which content has been blocked in the webconsole and error console -
https://bugzilla.mozilla.org/show_bug.cgi?id=837351. I need to update
the patch and once we've landed that, i think it will be much more
useful for developers to understand what is causing the
errors/failures. We also need to work on documentation
(https://bugzilla.mozilla.org/show_bug.cgi?id=839238) and let the
developer community know about the feature while it's in aurora, so they
have time to fix mixed active content issues before most users see them.

The design of the Mixed Content Blocker is being discussed in
https://bugzilla.mozilla.org/show_bug.cgi?id=827595. The original
design showed the pop-up notification the first three times a user
visited a mixed content; UX is working on a way to make the shield more
noticable without automatically showing the doorhanger. There have been
similar concerns about the plugin icon.

~Tanvi


On 2/11/13 1:08 PM, Mike Cooper wrote:
> I enabled the setting and tried out the page with the blocked video. I
> didn't see anything odd in the web console, and the Vimeo iframe
> didn't load. If I hadn't expected this to happen, I would be very
> confused, both as a user and as a developer. I see now that a shield
> appeared in the URL bar, but maybe it would be better to have the door
> hanger pop up automatically the first time it happens? I didn't notice
> the shield at first until I went back to look for it.
>
> I think the reason nothing showed in the web console is because it was
> an iframe. Maybe in scenarios like this, it would be good to print an
> error, as opposed to just making the request red. This way things that
> don't show up as requests in the web console (or if I have the Net
> filter turned off) are still visible.
>
> Another thing that would be nice is to have an overlay on the blocked
> element, so there isn't just a blank spot on the page, similar to the
> click-to-play for Flash. This would help me realize something has
> happened instead of just some missing content.
>
>
> On Mon, Feb 11, 2013 at 12:50 PM, Brian Smith <bsm...@mozilla.com
> <mailto:bsm...@mozilla.com>> wrote:
>
> Matthew Claypotch wrote:
> > I commented in the linked bug, but my big question is this. Are we
> > communicating to the user (via web console, ideally) *why* blocked
> > requests are blocked? If not, we should.
>
> It would be useful to get your teams' opinion on the UI without
> being biased from my explanations of how the UI works, because the
> UX is the core issue here. Please try Nightly and set the
> security.mixed_content.block_active_content=true and let us know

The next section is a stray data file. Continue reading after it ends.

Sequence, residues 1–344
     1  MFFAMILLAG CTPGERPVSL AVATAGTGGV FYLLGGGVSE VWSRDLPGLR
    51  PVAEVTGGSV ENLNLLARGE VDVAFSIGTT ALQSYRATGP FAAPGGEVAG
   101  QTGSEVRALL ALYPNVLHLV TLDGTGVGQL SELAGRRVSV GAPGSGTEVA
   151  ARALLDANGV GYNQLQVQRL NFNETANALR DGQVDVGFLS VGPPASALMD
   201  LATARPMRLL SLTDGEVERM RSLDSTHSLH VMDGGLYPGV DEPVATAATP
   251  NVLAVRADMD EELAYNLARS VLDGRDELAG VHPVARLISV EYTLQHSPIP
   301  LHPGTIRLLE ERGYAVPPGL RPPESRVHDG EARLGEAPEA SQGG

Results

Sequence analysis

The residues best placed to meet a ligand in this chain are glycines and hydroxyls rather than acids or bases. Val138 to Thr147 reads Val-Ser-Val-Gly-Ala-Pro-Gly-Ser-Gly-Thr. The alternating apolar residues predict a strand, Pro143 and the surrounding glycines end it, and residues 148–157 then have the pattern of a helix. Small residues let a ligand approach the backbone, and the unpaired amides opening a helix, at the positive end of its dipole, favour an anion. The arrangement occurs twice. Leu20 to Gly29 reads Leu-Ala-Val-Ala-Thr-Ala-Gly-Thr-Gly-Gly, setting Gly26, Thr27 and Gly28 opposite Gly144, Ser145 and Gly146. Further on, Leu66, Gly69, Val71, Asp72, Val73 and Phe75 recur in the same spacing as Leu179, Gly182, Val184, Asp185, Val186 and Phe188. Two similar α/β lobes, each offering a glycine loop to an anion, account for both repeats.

> what you think about the UX. The pages I linked to in my original
> message in this thread are good test cases.
>
> Cheers,
> Brian
> _______________________________________________
> dev-webdev mailing list
> dev-w...@lists.mozilla.org <mailto:dev-w...@lists.mozilla.org>
> https://lists.mozilla.org/listinfo/dev-webdev
>
>

Larissa Co

unread,
Feb 11, 2013, 6:36:20 PM2/11/13
to Tanvi Vyas, Brian Smith, Mike Cooper, dev-webdev, Matthew Claypotch, Sid Stamm

> The design of the Mixed Content Blocker is being discussed in
> https://bugzilla.mozilla.org/show_bug.cgi?id=827595. The original
> design showed the pop-up notification the first three times a user
> visited a mixed content; UX is working on a way to make the shield
> more noticable without automatically showing the doorhanger. There
> have been similar concerns about the plugin icon.
I wouldn't count on this happening anytime soon, unfortunately :( But I
will bring it up again in the desktop meeting to see if we can get some
traction on it.

>> I enabled the setting and tried out the page with the blocked video.
>> I didn't see anything odd in the web console, and the Vimeo iframe
>> didn't load. If I hadn't expected this to happen, I would be very
>> confused, both as a user and as a developer. I see now that a shield
>> appeared in the URL bar, but maybe it would be better to have the
>> door hanger pop up automatically the first time it happens? I didn't
>> notice the shield at first until I went back to look for it.
We're only blocking Mixed Scripts right now, not mixed content, so I'm
assuming Vimeo is using something falls into that category, similar to
what we discovered in YouTube? Tanvi, maybe we can discuss if
whitelisting these two sites is a good idea, or if you already have some
workaround for it, since the majority of experiences users will have
with mixed script might result from big sites such as these.
>>
>> Another thing that would be nice is to have an overlay on the blocked
>> element, so there isn't just a blank spot on the page, similar to the
>> click-to-play for Flash. This would help me realize something has
>> happened instead of just some missing content.
>>
One reason why this isn't as viable for mixed scripts as it is for
Click-to-play is that we assume that most things that we block will not
have anything visible on the page. But with more testing, we might find
out that the majority of mixed script cases do have a visible component.
In which case, yes, we can consider this. I'm working on CtP anyway, so
we might be able to do something similar.
Reply all
Reply to author
Forward
0 new messages